gen•o•cide, n. the systematic and planned extermination of an entire national, racial, political, or ethnic group.
The campus has been reminded of this grisly topic through a variety of events during the past few months. I’m sure you’ve noticed by now that Konosioni has recognized the Progressive Student Network’s initiatives this past March in their efforts to promote genocide awareness, specifically regarding Rwanda. And this past week, the Colgate Jewish Union coordinated events in remembrance of the Holocaust, which involved the reading of victims’ names on the Chapel steps.
With all that said and done, genocide has become a thing of the past and the world is now a peace-loving, tree-hugging place. Leaders all across the world have condemned genocide and waved their white flags and everyone has lived happily ever. Sigh of relief.
And then you look at Darfur, Sudan and realize that genocide is not a thing of the past. It started about three years ago, and has claimed more than 400,000 lives, and it continues. While a truce has been signed between the janjaweed militia that administers the slaughter and Darfur’s citizens, 500 civilians continue to die each day due to lack of access to nutrition, medical treatment, and sanitation. Meanwhile, humanitarian organizations can only reach 20% of those affected because of the continued precariousness of the situation and ongoing spurts of violence between the two sides.
The SAVE DARFUR: Rally to Stop Genocide event coming up this Sunday in Washington, D.C., attempts to bring together a number of groups (mostly student-run) and calls for President Bush to push for a multilateral intervention force to intervene in the region. A few of us Colgate kids are driving down to attend the event, which will include speakers such as Eli Weisel (Holocaust survivor and Nobel Peace Prize winner), Paul Rusesabagina (yes, the same one who came to Colgate), Joey Cheek (2006 Olympic gold and silver medalist who donated all his prize money to Darfur) and George Clooney (no introduction needed).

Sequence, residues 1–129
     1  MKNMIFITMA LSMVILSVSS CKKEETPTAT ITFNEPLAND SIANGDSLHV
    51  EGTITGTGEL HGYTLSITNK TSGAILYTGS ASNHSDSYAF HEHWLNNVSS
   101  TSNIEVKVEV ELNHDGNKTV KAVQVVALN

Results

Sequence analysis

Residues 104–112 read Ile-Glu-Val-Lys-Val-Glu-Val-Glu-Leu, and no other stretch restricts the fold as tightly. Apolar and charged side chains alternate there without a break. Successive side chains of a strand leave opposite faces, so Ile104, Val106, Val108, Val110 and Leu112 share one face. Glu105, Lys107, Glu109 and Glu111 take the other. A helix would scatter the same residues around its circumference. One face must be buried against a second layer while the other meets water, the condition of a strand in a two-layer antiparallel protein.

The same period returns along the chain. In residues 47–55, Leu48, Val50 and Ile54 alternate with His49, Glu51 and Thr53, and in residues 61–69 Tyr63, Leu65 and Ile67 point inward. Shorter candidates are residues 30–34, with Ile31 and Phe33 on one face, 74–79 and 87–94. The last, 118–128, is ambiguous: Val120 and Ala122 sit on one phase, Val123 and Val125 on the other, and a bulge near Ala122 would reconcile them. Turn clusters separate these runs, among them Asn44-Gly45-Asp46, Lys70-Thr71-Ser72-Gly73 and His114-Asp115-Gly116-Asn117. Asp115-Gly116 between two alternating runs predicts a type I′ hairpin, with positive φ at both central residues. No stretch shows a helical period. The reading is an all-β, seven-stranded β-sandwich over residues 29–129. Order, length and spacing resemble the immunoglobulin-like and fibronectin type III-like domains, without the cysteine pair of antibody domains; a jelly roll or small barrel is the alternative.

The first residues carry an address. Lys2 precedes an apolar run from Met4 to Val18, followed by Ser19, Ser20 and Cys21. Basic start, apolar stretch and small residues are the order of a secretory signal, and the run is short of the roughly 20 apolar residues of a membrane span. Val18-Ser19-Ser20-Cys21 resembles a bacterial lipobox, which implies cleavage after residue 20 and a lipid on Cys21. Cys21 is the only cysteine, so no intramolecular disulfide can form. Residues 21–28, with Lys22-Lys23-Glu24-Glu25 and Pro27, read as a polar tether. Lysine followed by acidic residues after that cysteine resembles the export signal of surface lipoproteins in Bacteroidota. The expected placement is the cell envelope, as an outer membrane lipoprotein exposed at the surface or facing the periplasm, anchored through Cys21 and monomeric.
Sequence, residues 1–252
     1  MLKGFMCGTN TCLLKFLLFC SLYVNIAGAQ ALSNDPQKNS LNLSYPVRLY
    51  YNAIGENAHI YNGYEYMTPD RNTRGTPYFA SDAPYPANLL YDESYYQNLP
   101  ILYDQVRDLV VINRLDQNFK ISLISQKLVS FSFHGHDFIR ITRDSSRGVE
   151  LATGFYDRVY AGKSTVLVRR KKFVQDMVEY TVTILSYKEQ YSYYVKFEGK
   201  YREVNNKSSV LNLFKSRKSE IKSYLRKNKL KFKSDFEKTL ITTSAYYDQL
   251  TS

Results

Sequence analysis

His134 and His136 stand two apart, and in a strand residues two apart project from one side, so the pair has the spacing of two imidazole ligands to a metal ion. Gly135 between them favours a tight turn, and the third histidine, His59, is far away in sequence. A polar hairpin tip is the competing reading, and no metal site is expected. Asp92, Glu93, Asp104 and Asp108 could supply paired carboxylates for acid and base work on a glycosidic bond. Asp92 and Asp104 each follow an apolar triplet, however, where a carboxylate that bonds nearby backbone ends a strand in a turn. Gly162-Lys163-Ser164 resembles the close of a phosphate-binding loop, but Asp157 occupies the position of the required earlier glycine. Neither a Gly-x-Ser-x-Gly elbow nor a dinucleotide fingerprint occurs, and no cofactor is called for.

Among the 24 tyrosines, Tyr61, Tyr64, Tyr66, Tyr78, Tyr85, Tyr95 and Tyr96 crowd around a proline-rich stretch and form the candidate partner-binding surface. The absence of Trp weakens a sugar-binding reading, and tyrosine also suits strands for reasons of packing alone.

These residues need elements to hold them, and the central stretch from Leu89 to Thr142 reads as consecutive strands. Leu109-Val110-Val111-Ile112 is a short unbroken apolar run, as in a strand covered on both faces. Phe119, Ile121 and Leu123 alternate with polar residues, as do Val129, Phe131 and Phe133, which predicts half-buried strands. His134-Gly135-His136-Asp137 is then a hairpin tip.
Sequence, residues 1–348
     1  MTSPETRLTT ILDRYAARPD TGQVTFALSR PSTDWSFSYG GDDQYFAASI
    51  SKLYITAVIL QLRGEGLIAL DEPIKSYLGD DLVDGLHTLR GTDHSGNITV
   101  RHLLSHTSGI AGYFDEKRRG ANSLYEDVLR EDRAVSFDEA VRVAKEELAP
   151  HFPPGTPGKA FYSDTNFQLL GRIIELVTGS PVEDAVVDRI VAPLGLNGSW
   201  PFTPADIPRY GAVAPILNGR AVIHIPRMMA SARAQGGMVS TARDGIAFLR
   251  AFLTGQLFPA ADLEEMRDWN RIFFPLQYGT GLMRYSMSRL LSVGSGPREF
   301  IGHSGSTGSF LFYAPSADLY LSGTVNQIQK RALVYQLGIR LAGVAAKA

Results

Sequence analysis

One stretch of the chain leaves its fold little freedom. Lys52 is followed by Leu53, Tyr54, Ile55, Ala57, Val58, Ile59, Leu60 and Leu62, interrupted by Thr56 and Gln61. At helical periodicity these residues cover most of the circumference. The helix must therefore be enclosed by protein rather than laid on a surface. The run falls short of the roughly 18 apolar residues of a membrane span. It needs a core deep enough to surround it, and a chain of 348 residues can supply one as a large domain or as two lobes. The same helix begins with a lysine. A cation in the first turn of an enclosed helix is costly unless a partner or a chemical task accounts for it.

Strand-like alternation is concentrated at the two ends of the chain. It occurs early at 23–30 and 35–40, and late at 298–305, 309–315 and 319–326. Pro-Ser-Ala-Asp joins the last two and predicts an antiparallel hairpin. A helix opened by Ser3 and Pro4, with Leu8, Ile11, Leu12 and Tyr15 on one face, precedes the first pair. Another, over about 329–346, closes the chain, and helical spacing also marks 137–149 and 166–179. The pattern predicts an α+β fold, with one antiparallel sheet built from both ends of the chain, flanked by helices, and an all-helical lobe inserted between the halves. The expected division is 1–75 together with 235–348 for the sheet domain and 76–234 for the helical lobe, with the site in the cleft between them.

Remember all those postcards to President Bush that were signed all through last month at COOP tables? With your help we now have over 800 of them, and the plan at the rally is to bring these together with those from all the different schools and groups participating and form a huge postcard mountain on the National Mall (that’s one of my main incentives to attend — I mean, at what other point in your life can you witness a giant mountain of postcards?). Ok, so I have yet to understand the logistics of then getting all of them mailed to the White House, but I’d rather leave the Postal Service to figure that one out.
The rally’s target number of postcards is 1 million. According to stopgenocidenow.com, this is the number of more people that will likely die in the upcoming months if we continue to stand by and do nothing. And nothing is a pretty boring, counterproductive thing to be doing, wouldn’t you agree?
The people of Darfur certainly would.